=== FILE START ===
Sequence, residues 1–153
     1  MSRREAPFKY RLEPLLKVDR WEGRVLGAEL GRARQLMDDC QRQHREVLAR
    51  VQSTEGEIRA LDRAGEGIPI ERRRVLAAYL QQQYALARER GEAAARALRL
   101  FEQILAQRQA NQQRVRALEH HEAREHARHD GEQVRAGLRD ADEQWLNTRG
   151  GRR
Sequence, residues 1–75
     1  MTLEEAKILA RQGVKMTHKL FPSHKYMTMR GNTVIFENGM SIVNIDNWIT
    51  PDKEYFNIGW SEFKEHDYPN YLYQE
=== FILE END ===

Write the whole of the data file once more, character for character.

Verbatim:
Sequence, residues 1–153
     1  MSRREAPFKY RLEPLLKVDR WEGRVLGAEL GRARQLMDDC QRQHREVLAR
    51  VQSTEGEIRA LDRAGEGIPI ERRRVLAAYL QQQYALARER GEAAARALRL
   101  FEQILAQRQA NQQRVRALEH HEAREHARHD GEQVRAGLRD ADEQWLNTRG
   151  GRR
Sequence, residues 1–75
     1  MTLEEAKILA RQGVKMTHKL FPSHKYMTMR GNTVIFENGM SIVNIDNWIT
    51  PDKEYFNIGW SEFKEHDYPN YLYQE